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Children tell the story of Ramadan’s meaning




A girl takes part in the section explaining God's creation of the world (2091376)
A girl takes part in the section explaining God's creation of the world (2091376)

When Bury St Edmunds' Muslim community decided to hold a multi-faith event to explain Ramadan they let their children tell the story.

Called Knock, Knock it's Ramadan, Saturday's event at Bury's United Reformed Church, was organised by Bury Muslims and West Suffolk Interfaith and Community Forum (WSICF).

Mo Ismail, a trustee of both organisations, explained: "What we wanted was to educate people what Ramadan is but, like a nativity play with Jesus, we wanted the children to show what it is about."

The children came up with many of the ideas, mentored by the adults. However, as so many children wanted to do something that involved wearing costumes, they included the story of God's creation of the world, which is similar to the Christian and Jewish version.

As it was interdenominational, they were rehearsed by Methodist musician Clare Mellor with Ishara Ali.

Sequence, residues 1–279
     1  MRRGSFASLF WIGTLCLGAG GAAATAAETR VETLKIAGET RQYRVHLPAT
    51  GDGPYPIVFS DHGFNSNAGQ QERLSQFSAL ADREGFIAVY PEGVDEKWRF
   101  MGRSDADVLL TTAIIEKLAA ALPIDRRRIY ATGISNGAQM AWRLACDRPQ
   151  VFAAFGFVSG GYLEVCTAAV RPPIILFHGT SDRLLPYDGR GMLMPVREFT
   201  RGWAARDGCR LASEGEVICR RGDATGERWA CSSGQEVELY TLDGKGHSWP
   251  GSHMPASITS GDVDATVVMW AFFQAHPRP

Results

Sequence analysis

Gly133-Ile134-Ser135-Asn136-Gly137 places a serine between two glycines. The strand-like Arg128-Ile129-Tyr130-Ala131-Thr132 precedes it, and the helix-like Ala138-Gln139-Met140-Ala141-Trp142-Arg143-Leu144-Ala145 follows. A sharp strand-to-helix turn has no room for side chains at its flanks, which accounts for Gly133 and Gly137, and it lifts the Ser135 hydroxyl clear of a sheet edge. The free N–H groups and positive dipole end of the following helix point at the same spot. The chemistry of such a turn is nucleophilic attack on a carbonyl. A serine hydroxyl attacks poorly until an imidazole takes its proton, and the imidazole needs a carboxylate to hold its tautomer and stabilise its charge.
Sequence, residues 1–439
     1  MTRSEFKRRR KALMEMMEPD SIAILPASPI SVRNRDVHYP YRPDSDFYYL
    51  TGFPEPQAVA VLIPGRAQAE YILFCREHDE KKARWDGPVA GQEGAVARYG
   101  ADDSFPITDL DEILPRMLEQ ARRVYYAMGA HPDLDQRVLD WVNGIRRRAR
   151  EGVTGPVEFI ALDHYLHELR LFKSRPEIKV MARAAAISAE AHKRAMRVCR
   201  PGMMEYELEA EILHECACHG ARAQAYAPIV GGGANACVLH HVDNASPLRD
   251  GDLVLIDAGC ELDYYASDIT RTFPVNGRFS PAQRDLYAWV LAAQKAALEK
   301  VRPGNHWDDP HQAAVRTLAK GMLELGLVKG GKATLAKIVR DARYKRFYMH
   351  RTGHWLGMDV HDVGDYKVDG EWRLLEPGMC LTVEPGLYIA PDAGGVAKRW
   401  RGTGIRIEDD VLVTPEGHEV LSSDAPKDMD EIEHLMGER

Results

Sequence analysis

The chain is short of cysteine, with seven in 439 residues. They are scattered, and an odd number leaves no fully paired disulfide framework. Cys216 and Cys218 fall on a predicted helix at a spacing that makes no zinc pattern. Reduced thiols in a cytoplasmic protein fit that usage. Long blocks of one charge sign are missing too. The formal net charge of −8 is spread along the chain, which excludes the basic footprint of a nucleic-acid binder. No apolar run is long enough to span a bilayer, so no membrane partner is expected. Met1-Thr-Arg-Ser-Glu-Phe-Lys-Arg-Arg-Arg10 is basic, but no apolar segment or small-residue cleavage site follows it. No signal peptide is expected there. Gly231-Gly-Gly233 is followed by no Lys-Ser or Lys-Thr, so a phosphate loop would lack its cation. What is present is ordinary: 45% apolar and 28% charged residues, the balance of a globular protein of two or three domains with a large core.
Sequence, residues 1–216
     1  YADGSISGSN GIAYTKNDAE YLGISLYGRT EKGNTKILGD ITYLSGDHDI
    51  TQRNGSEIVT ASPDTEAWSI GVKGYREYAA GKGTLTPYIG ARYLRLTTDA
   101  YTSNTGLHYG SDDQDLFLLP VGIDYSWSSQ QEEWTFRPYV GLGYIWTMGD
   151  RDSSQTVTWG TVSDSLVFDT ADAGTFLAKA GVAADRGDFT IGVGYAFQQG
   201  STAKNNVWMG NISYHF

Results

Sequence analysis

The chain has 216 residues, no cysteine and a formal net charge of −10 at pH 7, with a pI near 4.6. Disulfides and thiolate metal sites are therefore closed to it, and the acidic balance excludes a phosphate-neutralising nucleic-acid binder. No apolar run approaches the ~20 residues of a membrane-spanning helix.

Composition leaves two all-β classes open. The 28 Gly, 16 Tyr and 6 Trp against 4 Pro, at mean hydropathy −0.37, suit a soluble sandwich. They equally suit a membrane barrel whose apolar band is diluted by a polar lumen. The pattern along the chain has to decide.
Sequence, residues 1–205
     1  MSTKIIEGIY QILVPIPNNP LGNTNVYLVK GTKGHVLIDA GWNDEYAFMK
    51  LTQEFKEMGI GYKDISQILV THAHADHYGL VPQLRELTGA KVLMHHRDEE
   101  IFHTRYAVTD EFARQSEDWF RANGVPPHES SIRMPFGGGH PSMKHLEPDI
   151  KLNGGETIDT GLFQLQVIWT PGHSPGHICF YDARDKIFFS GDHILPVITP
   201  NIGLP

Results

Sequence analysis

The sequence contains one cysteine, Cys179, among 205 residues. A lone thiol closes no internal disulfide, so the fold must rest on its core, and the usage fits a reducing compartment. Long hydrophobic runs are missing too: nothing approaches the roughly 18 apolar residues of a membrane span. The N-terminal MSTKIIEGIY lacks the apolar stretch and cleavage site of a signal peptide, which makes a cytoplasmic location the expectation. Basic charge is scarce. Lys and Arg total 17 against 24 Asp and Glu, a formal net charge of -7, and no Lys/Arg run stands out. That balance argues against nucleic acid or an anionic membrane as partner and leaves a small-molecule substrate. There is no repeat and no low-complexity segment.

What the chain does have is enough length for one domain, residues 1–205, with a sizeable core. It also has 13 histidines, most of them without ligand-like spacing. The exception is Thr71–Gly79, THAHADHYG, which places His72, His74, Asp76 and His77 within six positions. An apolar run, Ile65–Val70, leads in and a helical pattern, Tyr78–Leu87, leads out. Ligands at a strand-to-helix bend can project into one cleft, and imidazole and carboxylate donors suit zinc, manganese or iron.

Some of those involved in the Ramadan event Knock, Knock it's Ramadan. Picture by Mark Westley (2091397)
Some of those involved in the Ramadan event Knock, Knock it's Ramadan. Picture by Mark Westley (2091397)

WSICF chairman Chris Andrews welcomed everyone to the event, then handed over to the children.

Mo said: "There were some nerves on the day, but they did well."

The children explained how and why Muslims fast during Ramadan, which is the ninth month of the Islamic calendar and the month in which the faith's holy book, the Koran, was revealed.

Mo explained that fasting mainly teaches self control and discipline. Followers eat and drink nothing from sunrise to sunset.

He added: "It's about mind over matter if you want to achieve a target, there's a cost.

"It also helps you identify with poor people who don't have enough. After 18 hours fasting, you realise how important food is."

Ramadan this year began on May 17 and continues to June 15 then it ends with the Eid celebration on June 16.

  • More pictures in Friday's Bury Free Press.


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